Sleeping Beauty, a Legend in Progress
In 1999 the Maryinsky (formerly Kirov) Ballet and Theater in St. Petersburg re-created its 1890 production of Sleeping Beauty. The revival showed the classic work in its original sets and costumes and restored pantomime and choreography that had been eliminated over the past century. Nevertheless, the work proved unexpectedly controversial, with many Russian dance professionals and historians denouncing it. In order to understand how a historically informed performance could be ridiculed by those responsible for writing the history of Russian and Soviet ballet, Tim Scholl discusses the tradition, ideology, and popular legend that have shaped the development of Sleeping Beauty. In the process he provides a history of Russian and Soviet ballet during the twentieth century.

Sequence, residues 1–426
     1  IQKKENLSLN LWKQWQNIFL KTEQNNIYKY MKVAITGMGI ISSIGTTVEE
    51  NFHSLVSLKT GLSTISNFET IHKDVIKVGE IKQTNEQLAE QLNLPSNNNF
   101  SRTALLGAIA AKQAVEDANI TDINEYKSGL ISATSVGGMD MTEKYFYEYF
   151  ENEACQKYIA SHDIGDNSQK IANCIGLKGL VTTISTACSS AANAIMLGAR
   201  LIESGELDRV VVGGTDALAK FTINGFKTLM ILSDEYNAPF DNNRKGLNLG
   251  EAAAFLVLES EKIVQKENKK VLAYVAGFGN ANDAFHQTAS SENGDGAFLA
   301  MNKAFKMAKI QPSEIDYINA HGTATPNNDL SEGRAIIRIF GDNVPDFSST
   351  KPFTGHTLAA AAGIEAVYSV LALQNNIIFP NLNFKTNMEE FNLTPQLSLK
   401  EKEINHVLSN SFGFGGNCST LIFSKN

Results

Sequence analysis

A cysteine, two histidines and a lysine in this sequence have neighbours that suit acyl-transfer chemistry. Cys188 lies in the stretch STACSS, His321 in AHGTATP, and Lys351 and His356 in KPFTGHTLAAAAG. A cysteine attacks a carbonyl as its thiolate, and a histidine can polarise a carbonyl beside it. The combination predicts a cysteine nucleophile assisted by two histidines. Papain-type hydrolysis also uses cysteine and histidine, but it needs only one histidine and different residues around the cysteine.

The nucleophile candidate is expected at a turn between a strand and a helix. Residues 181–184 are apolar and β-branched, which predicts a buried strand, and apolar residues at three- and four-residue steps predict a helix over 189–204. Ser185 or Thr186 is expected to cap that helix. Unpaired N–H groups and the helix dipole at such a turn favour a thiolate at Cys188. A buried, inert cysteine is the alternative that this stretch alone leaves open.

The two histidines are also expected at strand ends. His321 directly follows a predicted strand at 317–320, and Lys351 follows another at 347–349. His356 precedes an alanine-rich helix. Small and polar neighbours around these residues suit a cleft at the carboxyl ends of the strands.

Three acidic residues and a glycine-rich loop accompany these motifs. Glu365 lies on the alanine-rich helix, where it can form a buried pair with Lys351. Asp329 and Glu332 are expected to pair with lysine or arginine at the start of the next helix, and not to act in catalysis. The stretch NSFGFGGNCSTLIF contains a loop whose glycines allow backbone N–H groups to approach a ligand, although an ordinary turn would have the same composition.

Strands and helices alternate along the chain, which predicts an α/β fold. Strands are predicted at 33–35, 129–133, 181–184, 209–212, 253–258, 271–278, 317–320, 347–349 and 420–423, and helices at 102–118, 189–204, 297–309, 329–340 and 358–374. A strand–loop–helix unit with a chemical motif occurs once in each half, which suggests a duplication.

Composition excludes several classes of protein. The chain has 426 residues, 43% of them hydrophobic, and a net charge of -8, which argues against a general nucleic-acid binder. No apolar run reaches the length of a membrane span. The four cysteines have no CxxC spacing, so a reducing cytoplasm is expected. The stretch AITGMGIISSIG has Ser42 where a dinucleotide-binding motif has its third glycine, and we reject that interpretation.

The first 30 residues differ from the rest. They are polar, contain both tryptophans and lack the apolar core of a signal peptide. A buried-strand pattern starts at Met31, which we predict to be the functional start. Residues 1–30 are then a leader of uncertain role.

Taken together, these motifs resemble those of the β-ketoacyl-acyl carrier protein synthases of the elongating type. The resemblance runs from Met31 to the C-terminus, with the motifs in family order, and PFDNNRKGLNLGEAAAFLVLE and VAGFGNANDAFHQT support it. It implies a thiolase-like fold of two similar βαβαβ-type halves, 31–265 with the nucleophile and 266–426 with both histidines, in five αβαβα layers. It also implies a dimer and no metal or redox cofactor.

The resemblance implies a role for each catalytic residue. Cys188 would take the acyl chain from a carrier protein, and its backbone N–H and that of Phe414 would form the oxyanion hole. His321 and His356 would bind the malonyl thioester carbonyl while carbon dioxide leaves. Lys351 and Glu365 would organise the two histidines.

A fascinating slice of cultural history, the book will appeal not only to dance historians but also to those interested in the arts and cultural policies of the Soviet and post-Soviet periods.
Yale University Press, 9780300099560, 256pp.
Publication Date: April 10, 2004
About the Author
Tim Scholl participated in the planning and production of the Maryinsky Ballet’s reconstruction of Sleeping Beauty and has written about it for the New York Times. An associate professor of Russian at Oberlin College and a docent in the Theatre Research Department of Helsinki University, he is the author of From Petipa to Balanchine: Classical Revival and the Modernization of Ballet and is a frequent contributor to Ballet Review.